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Popular music in the culture of ambivalence : identity in the sixteenth-century low countries

Author: Jir Shin Boey; Massimo Michele Ossi
Publisher: Ann Arbor, Mich : UMI Dissertation Services, 2013.
Dissertation: Diss. (Ph. D.) Indiana University, 2010.
Edition/Format:   Thesis/dissertation : Thesis/dissertation : EnglishView all editions and formats
Database:WorldCat
Summary:
The popular culture of the sixteenth-century Low Countries is represented in the works of Northern humanist writers and artists such as Desiderius Erasmus and Pieter Bruegel the Elder. In their works, Erasmus and Bruegel taught Christian discipline and social ideals often by exposing human weaknesses through carnivalesque inversions. As part of the same culture, popular music in the Low Countries also reflected the
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Named Person: Jan Pieterszoon Sweelinck
Material Type: Thesis/dissertation
Document Type: Book
All Authors / Contributors: Jir Shin Boey; Massimo Michele Ossi
OCLC Number: 857543904
Notes: Inhalt: Prologue -- The formation of religious faith : Introduction ; Religious indecision ; Issues within the Reformed Church, 1520-60s ; Expressions of compromise ; The fusion of horizons ; Conclusion -- The negotiation of middle-class identity : Introduction ; Music-making and the civilizing process ; Maintaining the social self ; The musical structures of social fantasy ; Self-cancellation ; Conclusion -- Self-reflexivity and the decivilizing process : Introduction ; The Dutch visual realm ; The decivilizing process ; Self-reflexivity in the keyboard variations of J.P. Sweelink ; Conclusion -- Epilogue.
Description: XIV, [284] S : Ill., Notenbeispiele.
Responsibility: Jir Shin Boey.

Abstract:

The popular culture of the sixteenth-century Low Countries is represented in the works of Northern humanist writers and artists such as Desiderius Erasmus and Pieter Bruegel the Elder. In their works, Erasmus and Bruegel taught Christian discipline and social ideals often by exposing human weaknesses through carnivalesque inversions. As part of the same culture, popular music in the Low Countries also reflected the ambiguous or ambivalent aspects of the Northern Renaissance. In this dissertation, I look at how popular music of sixteenth-century Low Countries served as a discreet agent in the negotiation of religious, social, and self identities. Popular music mediated between sacred and secular realms in the Reformed movement, between civilized and uncivilized behavior in the performance of middle-class identity, and between control and impulse of the divided self.^

In the first chapter, I examine the problem of religious commitment and the role of psalm-singing in the formation of faith in the Reformed movement. Not only was the use of contrafacta in the Souterliedekens (Psalter Songs, 1540) effective as an instrument of religious outreach, it also demonstrated how spiritual meaning could be grounded in worldly terms. In the second chapter, I consider how self-cancellation is written into the civilizing process (in the learning of manners and cultivation of social distance) and study Tielman Susato's Musyck Boexken (1551) as an example. Even though Susato's songs were meant for a middle-class audience seeking to distance themselves from the lower class, the synthesis of refined and unrefined elements in the vii songs only showed more clearly the confused social desires of the audience.^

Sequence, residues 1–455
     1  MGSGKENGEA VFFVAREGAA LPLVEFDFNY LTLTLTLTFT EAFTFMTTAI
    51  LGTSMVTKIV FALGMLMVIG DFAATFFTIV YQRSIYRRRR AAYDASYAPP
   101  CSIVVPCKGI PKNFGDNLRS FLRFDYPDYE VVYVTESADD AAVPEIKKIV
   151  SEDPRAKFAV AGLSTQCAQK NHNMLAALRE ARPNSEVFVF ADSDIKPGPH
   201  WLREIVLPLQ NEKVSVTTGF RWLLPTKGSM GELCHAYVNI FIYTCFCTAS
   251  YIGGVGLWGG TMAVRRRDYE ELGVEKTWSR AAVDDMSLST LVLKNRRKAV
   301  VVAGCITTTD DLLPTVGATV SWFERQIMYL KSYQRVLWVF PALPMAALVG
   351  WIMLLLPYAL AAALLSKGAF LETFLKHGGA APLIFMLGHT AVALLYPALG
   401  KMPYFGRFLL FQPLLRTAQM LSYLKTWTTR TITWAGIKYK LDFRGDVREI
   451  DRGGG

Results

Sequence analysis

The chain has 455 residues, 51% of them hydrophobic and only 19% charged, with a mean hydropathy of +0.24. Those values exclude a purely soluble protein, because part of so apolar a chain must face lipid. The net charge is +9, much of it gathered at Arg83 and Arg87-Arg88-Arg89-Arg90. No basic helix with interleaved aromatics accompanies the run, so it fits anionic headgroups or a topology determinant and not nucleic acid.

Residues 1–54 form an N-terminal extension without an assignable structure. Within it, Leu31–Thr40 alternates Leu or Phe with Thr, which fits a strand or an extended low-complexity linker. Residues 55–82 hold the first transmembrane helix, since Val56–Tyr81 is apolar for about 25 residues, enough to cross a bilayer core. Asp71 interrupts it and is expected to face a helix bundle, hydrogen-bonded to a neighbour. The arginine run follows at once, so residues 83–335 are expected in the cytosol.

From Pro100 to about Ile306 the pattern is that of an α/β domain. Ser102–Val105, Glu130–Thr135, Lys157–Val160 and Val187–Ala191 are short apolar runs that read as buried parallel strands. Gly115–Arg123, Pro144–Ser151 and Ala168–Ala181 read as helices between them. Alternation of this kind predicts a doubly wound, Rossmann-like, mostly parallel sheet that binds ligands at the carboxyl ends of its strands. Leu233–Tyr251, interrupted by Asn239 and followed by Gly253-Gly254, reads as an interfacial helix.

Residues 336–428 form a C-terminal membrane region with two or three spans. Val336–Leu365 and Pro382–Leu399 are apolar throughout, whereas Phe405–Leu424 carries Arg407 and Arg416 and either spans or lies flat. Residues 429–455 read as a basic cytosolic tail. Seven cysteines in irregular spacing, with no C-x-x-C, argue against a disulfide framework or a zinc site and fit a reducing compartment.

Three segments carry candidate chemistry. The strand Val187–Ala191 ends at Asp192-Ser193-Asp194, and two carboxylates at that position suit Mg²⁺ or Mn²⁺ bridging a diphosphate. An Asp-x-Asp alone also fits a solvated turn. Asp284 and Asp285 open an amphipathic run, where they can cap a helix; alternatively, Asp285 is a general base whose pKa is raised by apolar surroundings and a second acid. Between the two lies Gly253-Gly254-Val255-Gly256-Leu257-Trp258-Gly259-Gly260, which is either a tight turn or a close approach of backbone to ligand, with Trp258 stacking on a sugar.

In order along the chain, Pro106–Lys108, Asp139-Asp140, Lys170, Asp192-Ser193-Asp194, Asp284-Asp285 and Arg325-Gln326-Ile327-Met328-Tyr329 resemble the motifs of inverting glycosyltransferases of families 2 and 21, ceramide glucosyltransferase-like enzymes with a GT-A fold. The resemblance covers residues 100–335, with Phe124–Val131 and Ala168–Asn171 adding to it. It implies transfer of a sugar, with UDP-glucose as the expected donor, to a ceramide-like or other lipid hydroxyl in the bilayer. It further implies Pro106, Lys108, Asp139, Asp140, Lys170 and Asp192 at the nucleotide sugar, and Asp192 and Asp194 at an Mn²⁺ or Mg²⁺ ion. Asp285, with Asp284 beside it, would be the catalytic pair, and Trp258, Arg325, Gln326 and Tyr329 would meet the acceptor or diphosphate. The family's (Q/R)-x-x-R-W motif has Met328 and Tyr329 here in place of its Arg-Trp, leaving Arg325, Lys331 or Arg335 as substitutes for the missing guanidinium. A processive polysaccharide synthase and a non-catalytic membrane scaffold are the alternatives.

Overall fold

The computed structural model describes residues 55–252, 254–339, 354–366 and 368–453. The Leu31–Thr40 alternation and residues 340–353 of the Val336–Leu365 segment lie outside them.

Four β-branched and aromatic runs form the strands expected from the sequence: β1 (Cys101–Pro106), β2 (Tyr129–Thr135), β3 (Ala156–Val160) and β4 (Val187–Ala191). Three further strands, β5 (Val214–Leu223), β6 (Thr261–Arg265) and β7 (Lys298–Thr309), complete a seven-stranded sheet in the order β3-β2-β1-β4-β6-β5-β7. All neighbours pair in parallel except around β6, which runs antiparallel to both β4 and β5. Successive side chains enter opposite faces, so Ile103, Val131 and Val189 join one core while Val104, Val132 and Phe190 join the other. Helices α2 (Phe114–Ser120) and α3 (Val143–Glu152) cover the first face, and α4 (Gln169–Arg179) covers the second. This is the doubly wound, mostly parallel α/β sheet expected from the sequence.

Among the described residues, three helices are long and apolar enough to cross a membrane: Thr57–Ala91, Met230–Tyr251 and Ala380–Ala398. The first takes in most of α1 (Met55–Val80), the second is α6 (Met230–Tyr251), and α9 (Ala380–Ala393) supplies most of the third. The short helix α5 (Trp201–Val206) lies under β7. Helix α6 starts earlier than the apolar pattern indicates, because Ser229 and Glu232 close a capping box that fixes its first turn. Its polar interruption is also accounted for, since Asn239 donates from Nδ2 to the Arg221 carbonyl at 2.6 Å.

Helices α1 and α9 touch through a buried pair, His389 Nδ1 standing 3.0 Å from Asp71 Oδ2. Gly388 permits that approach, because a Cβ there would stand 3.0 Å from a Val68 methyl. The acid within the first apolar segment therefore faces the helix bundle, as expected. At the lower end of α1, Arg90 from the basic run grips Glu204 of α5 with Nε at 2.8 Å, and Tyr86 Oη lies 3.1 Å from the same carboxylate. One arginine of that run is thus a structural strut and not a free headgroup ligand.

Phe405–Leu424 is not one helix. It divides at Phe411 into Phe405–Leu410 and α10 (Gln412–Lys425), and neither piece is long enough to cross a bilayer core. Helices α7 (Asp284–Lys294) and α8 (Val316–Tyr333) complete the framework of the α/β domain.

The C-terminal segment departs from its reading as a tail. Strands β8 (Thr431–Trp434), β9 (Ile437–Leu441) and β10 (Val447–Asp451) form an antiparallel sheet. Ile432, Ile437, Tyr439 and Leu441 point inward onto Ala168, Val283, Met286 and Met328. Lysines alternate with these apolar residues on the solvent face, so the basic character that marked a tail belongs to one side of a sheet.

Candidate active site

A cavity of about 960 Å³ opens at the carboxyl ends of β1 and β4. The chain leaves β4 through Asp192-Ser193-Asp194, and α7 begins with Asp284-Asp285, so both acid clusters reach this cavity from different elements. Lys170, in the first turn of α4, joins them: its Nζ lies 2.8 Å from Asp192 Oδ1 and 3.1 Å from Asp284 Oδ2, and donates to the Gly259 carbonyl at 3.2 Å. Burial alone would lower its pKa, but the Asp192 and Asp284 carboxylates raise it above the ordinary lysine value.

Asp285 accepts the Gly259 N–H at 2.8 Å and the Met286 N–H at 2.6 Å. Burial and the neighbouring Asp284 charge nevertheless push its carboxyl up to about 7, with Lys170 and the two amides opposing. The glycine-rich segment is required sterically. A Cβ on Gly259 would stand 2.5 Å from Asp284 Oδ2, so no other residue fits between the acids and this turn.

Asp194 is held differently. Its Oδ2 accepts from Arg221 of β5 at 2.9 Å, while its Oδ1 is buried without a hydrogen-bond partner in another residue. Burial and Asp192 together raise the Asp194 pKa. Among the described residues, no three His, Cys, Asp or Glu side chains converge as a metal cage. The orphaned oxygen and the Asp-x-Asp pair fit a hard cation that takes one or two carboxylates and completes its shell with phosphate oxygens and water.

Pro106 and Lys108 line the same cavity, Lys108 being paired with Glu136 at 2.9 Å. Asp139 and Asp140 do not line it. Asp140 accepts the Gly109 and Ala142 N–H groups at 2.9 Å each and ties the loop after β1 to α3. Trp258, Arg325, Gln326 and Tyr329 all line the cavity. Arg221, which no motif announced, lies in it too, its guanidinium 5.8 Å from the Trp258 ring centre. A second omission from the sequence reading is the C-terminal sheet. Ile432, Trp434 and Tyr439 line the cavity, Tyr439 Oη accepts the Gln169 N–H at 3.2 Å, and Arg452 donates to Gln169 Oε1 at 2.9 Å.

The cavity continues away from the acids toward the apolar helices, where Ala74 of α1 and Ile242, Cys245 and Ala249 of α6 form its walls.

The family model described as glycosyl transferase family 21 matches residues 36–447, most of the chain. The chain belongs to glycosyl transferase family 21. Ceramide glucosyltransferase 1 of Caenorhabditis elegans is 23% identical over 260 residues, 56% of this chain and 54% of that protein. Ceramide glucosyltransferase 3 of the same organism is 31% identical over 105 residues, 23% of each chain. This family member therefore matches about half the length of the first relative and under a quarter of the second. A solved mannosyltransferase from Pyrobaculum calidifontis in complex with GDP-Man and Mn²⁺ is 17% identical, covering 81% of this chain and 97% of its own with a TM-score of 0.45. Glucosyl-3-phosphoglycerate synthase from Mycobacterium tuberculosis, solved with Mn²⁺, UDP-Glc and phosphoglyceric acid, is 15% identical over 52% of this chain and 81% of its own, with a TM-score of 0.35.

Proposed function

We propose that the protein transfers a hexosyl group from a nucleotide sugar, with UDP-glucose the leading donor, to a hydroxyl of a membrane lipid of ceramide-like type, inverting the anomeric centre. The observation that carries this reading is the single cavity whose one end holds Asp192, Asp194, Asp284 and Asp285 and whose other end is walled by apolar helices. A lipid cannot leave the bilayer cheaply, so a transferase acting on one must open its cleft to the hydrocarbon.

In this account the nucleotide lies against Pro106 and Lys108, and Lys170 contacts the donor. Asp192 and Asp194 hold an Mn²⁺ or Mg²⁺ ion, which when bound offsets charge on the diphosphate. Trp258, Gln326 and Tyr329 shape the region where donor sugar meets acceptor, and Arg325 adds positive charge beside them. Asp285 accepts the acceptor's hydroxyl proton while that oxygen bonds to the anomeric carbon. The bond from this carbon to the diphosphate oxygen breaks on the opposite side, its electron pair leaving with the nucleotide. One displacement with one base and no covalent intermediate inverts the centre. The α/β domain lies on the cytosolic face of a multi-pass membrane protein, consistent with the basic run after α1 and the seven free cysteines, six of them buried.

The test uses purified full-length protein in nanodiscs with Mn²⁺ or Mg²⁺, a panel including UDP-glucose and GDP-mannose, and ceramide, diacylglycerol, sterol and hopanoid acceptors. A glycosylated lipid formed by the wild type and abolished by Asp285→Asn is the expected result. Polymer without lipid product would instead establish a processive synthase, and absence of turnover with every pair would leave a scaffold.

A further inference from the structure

In the final chapter, I look at self-reflexivity in Dutch still-life paintings of the early seventeenth-century and observe how the sense of disequilibrium and disjuncture in these paintings can also be found in Jan Pieterszoon Sweelinck's keyboard variations. In the way the variations refuse the idea of calculation and control, they reflect a "controlled decontrolling" of a decivilizing process. Within the different contexts, popular music opened the liminal space for the interrogation of spiritual reality, the suspension of social judgment, and the unraveling of the civilized self. By doing so, popular music extended various tactics for coping with unstable identities in a culture of ambivalence.

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schema:description"The popular culture of the sixteenth-century Low Countries is represented in the works of Northern humanist writers and artists such as Desiderius Erasmus and Pieter Bruegel the Elder. In their works, Erasmus and Bruegel taught Christian discipline and social ideals often by exposing human weaknesses through carnivalesque inversions. As part of the same culture, popular music in the Low Countries also reflected the ambiguous or ambivalent aspects of the Northern Renaissance. In this dissertation, I look at how popular music of sixteenth-century Low Countries served as a discreet agent in the negotiation of religious, social, and self identities. Popular music mediated between sacred and secular realms in the Reformed movement, between civilized and uncivilized behavior in the performance of middle-class identity, and between control and impulse of the divided self.^"
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